DVD Review
Darkness Falls
Darkness Falls poster
By Lee Tistaert     Published May 24, 2003
US Release: January 24, 2003

Directed by: Jonathan Liebesman
Starring: Chaney Kley , Emma Caulfield , Joshua Anderson

PG-13
Running Time: 85 minutes
Domestic Box Office: $32,400,000
C-
Borrows elements from many other projects in the genre, not introducing anything new or clever
I?ve seen better, and I?ve seen worse. Darkness Falls may be far from a good movie, but it holds a few moments of tolerable filmmaking even if for most of the duration it resorts to everything it shouldn?t for impact.

This is the type of horror film that Hollywood is expecting on a routine basis nowadays, as rather than letting the viewer decide what in fact is spine chilling, the filmmakers have instead informed us on what definitely hits our nerve in the dark. And for most filmgoers who grasp the genre well, you know that such a technique rarely ever gels in the long run.
Darkness Falls simply asks the audience to wait in the dark, hearing those eerie sounds beside us, anticipating the jump to come. However, that can be a misleading statement, as the first ten or so minutes are the only real moments that tactic is put to use, as most of the project is very predictable in that we know what?s going to come, eliminating the moment of surprise. In a horror film the viewer prompts one basic objective: to become scared, or for things to get just a little spooky. The opening pulls this off to an okay extent but still doesn?t rise up to its potential; after that, it may be hard to believe the genre they?re going for.

Taking the form of the Tooth Fairy following 150 years since her death, Matilda Dixon returns to the town of Darkness Falls that once lynched her. Now there?s Kyle, who as a young boy woke up in the middle of the night claiming he caught sight of the mythical figure; with the kid explaining the presence to others, the Tooth Fairy comes back years later to avenge Kyle?s childhood sweetheart, Caitlin; why the girlfriend? Because damn it, it?s a horror movie and there needs to be a catch. Oh, you wanted a logical reason? I?m stumped.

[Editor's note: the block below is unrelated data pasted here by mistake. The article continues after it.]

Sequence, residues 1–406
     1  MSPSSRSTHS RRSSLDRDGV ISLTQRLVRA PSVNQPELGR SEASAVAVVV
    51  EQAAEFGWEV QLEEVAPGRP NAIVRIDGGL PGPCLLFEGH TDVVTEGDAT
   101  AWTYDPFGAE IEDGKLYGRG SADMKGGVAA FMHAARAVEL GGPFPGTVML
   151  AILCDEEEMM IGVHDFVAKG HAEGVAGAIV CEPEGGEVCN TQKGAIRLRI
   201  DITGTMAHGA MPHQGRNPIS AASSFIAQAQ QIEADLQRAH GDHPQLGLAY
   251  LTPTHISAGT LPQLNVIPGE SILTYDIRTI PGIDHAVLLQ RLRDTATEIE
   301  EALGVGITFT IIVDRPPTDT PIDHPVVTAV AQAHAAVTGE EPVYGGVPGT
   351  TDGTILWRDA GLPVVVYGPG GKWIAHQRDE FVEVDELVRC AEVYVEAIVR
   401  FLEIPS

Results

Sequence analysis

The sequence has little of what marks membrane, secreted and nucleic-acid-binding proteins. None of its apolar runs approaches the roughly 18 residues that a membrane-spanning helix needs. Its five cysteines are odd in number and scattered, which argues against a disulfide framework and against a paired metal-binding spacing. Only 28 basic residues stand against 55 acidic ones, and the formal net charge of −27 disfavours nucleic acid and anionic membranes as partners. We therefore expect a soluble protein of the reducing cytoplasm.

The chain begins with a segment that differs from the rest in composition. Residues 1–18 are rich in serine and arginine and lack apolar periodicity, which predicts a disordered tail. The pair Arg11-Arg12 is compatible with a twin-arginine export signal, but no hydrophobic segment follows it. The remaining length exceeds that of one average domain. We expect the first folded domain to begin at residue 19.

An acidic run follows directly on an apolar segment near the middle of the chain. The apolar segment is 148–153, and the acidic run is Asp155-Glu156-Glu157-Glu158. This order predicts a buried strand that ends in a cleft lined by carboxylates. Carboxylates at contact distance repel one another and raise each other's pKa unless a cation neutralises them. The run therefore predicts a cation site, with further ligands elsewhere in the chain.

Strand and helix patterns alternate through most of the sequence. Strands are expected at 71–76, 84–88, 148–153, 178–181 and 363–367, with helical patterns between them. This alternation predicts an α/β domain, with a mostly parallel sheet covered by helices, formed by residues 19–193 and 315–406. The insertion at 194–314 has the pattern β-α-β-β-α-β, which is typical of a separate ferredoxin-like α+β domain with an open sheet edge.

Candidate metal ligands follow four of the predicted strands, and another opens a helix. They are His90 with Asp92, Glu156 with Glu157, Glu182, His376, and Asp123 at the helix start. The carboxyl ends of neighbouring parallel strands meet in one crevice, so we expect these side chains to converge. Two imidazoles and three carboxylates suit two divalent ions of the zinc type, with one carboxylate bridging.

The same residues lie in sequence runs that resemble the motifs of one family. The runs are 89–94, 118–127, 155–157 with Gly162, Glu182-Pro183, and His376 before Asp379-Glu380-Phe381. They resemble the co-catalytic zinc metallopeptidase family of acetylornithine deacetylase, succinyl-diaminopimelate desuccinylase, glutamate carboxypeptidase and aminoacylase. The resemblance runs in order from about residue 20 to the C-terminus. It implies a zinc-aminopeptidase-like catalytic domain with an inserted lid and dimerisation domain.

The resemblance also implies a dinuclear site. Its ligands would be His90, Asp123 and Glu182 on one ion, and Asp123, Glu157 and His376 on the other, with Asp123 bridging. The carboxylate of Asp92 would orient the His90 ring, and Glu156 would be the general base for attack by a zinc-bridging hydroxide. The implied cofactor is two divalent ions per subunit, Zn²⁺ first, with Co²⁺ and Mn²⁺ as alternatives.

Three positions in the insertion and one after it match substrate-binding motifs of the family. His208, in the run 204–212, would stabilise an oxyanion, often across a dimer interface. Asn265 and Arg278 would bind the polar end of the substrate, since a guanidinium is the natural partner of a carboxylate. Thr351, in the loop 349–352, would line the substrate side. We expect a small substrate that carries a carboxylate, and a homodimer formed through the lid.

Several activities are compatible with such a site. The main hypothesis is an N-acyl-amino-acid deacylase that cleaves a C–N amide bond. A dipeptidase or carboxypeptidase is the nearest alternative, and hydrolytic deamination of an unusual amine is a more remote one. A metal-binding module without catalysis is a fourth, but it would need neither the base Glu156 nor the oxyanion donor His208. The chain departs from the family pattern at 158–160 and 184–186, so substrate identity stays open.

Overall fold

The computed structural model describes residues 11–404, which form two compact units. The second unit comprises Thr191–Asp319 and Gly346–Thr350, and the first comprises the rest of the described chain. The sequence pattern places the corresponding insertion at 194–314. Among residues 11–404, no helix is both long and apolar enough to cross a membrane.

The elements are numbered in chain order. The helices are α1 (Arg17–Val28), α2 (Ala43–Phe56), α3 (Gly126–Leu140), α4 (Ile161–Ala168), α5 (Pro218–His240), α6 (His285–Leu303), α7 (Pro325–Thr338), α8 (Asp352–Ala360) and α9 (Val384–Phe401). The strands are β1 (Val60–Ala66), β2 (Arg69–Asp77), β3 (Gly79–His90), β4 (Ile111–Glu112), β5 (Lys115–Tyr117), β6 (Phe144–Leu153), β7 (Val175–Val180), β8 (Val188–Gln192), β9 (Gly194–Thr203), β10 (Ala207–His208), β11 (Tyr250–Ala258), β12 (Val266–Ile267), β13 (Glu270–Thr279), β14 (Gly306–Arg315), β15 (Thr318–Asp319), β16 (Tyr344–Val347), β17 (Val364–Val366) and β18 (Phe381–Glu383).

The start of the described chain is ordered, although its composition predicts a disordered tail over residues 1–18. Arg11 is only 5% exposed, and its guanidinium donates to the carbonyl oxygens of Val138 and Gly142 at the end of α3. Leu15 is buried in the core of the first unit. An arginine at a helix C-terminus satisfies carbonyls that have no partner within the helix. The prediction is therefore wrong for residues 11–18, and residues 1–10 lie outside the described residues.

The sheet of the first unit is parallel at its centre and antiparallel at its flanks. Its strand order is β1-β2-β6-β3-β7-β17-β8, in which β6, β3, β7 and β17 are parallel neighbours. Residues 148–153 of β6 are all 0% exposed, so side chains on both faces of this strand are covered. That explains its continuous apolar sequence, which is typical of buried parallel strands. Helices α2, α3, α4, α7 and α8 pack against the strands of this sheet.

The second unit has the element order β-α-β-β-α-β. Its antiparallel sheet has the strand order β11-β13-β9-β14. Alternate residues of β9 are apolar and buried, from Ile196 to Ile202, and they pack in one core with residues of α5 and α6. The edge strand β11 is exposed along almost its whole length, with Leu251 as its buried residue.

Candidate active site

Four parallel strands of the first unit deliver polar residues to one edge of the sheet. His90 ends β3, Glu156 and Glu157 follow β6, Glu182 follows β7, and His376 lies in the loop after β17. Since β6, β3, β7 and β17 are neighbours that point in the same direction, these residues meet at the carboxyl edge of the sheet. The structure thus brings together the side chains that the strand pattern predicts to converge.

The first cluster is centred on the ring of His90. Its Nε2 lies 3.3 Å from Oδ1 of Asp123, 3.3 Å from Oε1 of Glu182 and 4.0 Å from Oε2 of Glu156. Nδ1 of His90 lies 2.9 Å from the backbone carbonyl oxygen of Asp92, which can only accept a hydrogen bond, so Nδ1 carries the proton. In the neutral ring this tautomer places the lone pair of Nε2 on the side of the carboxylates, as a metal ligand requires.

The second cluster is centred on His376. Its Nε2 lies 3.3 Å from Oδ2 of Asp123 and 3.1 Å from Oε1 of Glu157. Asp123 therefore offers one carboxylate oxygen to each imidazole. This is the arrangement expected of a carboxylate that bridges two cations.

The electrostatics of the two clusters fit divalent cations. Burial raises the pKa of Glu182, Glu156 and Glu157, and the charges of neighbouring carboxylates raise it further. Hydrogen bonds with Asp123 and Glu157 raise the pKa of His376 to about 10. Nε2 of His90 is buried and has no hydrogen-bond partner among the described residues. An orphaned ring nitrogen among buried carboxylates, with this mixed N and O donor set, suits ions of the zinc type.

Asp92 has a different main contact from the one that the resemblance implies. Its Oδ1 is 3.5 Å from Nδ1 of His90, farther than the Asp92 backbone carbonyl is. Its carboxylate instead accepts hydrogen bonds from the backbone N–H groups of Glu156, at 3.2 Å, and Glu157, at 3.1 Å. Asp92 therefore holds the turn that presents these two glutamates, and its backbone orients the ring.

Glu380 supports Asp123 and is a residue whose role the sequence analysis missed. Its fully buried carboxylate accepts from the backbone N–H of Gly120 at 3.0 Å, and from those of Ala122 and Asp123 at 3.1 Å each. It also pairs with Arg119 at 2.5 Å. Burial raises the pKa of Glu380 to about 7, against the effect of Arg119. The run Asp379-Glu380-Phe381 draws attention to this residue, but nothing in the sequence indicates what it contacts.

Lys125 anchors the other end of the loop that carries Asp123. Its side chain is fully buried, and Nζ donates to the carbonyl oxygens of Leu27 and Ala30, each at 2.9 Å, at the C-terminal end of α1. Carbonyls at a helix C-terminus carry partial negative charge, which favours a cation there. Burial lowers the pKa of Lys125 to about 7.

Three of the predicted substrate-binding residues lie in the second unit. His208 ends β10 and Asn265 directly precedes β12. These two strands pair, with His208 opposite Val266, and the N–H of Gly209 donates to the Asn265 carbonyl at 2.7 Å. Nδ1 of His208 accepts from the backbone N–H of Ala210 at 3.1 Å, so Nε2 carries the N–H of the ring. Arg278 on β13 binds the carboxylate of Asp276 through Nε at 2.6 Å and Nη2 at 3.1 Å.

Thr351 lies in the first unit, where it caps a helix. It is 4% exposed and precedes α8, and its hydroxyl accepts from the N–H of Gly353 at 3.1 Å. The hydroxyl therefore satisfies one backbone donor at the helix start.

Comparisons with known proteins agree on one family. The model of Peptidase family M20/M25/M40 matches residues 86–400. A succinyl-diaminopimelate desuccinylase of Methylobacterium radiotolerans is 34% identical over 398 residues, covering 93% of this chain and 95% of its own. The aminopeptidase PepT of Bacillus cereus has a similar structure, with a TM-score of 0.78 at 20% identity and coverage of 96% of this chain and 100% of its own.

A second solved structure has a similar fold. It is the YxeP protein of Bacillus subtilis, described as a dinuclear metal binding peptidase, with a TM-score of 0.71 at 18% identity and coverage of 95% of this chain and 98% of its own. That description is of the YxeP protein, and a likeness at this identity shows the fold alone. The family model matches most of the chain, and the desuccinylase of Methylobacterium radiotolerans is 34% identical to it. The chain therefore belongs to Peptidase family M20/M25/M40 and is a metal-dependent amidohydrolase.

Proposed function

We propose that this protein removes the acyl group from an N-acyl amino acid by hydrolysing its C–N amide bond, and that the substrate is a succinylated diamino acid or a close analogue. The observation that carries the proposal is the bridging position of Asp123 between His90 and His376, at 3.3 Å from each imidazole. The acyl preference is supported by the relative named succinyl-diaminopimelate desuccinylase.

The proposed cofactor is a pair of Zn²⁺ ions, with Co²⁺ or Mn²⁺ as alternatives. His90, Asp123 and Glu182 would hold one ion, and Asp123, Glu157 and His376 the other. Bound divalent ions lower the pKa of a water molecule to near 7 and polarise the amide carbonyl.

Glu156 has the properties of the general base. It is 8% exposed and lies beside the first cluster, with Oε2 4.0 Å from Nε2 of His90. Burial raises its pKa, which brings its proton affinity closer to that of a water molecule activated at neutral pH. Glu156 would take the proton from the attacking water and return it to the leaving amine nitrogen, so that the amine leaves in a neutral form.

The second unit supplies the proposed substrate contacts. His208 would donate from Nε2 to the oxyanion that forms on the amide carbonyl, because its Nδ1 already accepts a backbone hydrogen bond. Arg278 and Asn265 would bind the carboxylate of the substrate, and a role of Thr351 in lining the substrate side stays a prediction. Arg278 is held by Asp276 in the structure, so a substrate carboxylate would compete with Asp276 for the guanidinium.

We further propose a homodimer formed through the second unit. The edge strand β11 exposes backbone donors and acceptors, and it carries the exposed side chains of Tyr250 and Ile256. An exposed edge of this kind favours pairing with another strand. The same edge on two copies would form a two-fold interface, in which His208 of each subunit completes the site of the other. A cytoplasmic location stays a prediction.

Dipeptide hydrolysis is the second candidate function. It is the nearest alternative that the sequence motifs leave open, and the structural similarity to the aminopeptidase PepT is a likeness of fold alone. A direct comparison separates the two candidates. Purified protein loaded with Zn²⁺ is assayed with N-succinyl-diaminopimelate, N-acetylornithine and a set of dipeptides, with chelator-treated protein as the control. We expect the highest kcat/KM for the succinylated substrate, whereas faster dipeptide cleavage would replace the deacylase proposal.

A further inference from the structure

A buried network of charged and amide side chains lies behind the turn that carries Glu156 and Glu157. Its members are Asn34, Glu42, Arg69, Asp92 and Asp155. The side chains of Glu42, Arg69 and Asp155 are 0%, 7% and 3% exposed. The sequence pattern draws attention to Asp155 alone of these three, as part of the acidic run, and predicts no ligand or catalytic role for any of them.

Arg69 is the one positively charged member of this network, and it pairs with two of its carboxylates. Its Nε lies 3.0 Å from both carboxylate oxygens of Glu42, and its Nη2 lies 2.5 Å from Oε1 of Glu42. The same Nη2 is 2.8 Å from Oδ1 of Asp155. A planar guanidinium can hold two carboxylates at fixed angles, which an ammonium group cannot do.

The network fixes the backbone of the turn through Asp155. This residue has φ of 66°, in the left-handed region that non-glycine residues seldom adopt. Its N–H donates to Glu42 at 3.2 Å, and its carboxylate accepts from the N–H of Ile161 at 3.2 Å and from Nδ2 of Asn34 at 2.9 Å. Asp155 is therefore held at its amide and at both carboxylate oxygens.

To call Darkness Falls a complete failure in the horror genre would not be right on my part, as there is a moderate amount of tension built up in the opening and I actually jumped once. Though the actual execution could be much better from a terror standpoint, it could also be much worse; having seen my share of awful horror flicks I?ve come to a point where giving some films credit over others, despite not being good to begin with, is only fair.

The script is traditional for a cheap scare flick but I don?t know what I can necessarily say for Darkness Falls that I haven?t already said for some genre attempts in the past. We?ve seen this story countless of times previously, as it is purely an indirect remake of the slasher products of which inspired it. There?s cheap "boo" scares, there?s the camera movement hinting at a jump, there?s under-written characters, there?s stale dialogue, and there?s the lack of passion to witness the finale. We?ve got a film that drives on a very routine path and will please those viewers not looking for much in the ways of fulfillment or engagement.

Darkness Falls may be quite short but it?s not diverting. The flick borrows elements from many other projects in the genre, not introducing anything new or clever that we have yet to experience for the first time. Labeled as a horror film, viewing this flick in darkness or in full light will probably not make a difference, as either way it?s not prone to make a killing.

DVD Features:
- Commentary by Director Jonathan Liebesman, Producers William Sherak and Jason Shuman, and Writer James Vanderbilt
- Commentary by Writers John Fasano and Joe Harris
- The Legend of Matilda Dixon
- The Making of Darkness Falls
- Deleted Scenes
- Storyboard Comparisons
- Full Screen & Widescreen Options

Audio Features:
- Dolby Digital 5.1 Surround Sound
Lee's Grade: C-
Lee's Overall Grading: 2732 graded movies
A0.4%
B30.3%
C61.5%
D7.7%
F0.0%
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